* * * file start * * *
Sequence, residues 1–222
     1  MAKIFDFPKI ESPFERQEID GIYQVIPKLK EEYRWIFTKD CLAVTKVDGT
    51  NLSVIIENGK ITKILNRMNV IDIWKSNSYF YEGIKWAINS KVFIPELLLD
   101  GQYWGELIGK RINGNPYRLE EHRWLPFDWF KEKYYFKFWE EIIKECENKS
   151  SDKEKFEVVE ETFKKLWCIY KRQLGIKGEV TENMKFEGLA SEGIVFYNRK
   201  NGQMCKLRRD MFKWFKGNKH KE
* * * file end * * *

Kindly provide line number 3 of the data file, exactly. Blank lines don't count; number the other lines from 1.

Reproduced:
    51  NLSVIIENGK ITKILNRMNV IDIWKSNSYF YEGIKWAINS KVFIPELLLD